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Template function as template argument

I'm learning about templates and tried to implement this method:

template <typename Func, typename Left, typename Right>
void flipArgs(Func* function, Left&& leftArg, Right&& rightArg) {
    function(std::forward<Right>(rightArg), std::forward<Left>(leftArg));

It takes a function and two parameters and calls the given function with the two parameters flipped.

It works fine with function such as:

void test1(std::string, int) {

When I tried this function:

template <typename T>
void test2(T&& a, int) {


string s("test");
flip(test2<string>, 42, s);

The compiler (g++ 4.7.1) tells me:

error: cannot bind 'std::basic_string' lvalue to 'std::basic_string&&'

I thought that a function parameter such as T&& was a special case that can bind to rvalue and lvalue references? What am I doing wrong?

like image 875
Timo Türschmann Avatar asked Mar 21 '23 23:03

Timo Türschmann

1 Answers

I thought that a function parameter such as T&& was a special case that can bind to [rvalues and lvalues]?

It is. It basically means the template can have different instantiations for lvalues and for rvalues.

However... When you explicitly make T be string in test2<string>, you are picking one particular instantiation: void test2(string&&, int). string&& is no longer that special case. string&& can only bind to string rvalues. There isn't one instantiation that binds to both rvalues and lvalues.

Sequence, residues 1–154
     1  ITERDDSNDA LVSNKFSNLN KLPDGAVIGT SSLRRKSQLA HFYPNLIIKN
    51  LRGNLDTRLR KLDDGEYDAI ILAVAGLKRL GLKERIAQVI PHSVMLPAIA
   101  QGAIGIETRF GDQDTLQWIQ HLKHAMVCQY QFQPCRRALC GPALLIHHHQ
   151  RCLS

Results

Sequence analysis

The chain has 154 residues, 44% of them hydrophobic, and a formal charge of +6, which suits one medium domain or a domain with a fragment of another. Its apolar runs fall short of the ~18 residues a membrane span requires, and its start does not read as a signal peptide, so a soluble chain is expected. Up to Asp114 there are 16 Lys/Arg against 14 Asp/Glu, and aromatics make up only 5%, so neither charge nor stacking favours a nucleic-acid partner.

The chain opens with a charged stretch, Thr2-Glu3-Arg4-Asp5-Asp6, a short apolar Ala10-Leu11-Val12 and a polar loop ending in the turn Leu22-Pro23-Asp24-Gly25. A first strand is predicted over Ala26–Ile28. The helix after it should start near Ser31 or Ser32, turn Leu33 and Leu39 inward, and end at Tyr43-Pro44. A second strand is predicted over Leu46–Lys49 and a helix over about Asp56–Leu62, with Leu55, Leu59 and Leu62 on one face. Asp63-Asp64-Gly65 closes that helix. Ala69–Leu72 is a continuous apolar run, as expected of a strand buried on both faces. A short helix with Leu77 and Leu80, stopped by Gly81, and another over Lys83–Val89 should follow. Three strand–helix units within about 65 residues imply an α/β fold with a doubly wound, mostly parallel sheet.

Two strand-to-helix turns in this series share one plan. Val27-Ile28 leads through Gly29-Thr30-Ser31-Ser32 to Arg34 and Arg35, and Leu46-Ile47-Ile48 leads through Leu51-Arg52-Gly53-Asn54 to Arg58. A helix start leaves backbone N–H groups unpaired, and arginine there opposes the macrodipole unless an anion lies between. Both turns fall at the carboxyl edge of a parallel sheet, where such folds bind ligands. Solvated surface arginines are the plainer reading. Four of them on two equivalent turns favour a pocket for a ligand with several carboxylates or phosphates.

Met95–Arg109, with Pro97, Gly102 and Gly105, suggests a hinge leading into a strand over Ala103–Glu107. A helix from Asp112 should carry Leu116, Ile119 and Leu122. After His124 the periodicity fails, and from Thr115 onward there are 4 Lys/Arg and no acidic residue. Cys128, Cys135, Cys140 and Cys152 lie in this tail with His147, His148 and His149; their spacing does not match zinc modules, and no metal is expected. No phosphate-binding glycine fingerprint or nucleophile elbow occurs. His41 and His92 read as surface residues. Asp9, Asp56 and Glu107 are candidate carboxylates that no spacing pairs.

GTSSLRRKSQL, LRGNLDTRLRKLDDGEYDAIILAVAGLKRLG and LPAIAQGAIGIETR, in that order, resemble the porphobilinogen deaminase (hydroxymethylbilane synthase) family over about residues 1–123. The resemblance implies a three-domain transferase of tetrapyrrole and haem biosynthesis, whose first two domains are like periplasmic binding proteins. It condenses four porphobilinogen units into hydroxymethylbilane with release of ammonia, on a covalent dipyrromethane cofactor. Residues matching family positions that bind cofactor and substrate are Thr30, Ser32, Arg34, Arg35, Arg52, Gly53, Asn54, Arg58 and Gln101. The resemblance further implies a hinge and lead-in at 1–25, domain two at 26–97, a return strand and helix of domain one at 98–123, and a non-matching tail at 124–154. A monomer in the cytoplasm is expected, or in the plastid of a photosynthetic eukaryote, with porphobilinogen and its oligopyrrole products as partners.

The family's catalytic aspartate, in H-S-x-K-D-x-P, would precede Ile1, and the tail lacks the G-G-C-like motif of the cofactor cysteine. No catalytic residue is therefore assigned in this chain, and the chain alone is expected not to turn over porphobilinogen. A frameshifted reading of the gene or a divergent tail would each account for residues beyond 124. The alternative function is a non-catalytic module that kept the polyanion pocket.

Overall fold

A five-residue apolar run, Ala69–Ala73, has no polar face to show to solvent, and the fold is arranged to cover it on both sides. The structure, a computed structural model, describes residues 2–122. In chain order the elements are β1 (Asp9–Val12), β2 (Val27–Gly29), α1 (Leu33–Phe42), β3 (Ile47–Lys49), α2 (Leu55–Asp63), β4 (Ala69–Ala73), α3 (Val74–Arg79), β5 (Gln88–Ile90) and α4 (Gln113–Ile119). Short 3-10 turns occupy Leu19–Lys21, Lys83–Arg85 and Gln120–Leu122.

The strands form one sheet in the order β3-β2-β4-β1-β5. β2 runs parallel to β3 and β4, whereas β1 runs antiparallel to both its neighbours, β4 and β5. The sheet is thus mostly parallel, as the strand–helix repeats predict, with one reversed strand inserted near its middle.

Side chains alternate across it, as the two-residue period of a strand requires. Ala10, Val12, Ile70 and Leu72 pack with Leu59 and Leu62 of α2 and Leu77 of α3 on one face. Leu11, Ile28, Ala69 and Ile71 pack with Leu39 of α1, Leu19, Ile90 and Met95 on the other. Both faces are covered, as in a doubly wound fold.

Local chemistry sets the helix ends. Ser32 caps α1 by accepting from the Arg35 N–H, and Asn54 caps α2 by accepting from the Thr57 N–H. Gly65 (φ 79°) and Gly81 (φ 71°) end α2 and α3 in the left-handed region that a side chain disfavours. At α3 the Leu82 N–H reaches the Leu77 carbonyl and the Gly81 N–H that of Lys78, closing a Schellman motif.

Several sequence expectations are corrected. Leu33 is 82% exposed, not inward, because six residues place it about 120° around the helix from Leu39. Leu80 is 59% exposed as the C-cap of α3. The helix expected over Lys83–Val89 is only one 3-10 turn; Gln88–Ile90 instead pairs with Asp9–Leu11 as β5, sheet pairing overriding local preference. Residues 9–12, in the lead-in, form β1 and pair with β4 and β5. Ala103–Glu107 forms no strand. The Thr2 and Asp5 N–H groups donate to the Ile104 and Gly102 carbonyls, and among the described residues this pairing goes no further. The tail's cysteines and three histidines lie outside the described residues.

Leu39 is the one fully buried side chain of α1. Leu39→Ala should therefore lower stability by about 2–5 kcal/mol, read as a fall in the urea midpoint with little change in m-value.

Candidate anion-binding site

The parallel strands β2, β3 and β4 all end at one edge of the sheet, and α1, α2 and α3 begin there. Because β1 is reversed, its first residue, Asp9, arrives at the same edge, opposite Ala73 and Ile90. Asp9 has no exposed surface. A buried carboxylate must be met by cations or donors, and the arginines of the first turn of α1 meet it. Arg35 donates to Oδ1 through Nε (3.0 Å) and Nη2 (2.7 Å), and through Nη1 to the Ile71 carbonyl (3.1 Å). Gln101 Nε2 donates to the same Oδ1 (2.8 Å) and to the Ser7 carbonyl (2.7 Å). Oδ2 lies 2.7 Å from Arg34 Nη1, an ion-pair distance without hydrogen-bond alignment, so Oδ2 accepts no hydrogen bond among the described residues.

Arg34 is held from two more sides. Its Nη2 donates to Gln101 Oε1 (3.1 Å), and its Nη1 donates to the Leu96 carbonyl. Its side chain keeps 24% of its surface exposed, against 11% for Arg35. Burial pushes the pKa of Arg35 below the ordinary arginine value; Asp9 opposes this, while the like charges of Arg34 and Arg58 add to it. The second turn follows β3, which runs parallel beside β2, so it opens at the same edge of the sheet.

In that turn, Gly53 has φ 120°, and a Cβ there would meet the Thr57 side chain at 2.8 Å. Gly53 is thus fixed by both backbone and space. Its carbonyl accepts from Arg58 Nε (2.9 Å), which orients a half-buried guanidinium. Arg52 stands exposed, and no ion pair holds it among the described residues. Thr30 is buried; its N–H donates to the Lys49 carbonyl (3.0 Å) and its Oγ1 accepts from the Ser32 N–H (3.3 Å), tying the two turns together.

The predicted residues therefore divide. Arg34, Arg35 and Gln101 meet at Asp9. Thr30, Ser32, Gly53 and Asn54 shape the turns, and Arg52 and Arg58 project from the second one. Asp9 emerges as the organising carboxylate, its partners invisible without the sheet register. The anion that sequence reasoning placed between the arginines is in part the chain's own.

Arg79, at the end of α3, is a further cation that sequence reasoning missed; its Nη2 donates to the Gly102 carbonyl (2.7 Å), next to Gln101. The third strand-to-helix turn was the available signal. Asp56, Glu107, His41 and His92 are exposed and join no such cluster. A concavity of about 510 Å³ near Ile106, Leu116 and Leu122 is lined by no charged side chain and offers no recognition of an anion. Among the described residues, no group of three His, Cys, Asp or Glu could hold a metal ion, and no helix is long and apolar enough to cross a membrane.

In general, I'd recommend against explicitly passing function template parameters (unless those are intended, like std::forward or std::make_unique).

In this case, you could instead force one of the instantiations that binds to lvalues. Something like flip(test2<string&>, 42, s);, which will instantiate void test2(string&, int).

If you really want to pass an argument to flip that can accept both lvalues and rvalues, you need a polymorphic function object:

struct test2 {
    template <typename T>
    void operator()(T&& a, int) const {
flip(test2{}, 42, s);

The key here is that the decision of which specialisation to use is not made when passing the argument, but only later on when that argument is used.

For completeness, in C++14 you can actually create anonymous polymorphic function objects with the new lambda syntax:

auto test2 = [](auto&& a, int) {};
flip(test2, 42, s);
like image 103
R. Martinho Fernandes Avatar answered Apr 02 '23 04:04

R. Martinho Fernandes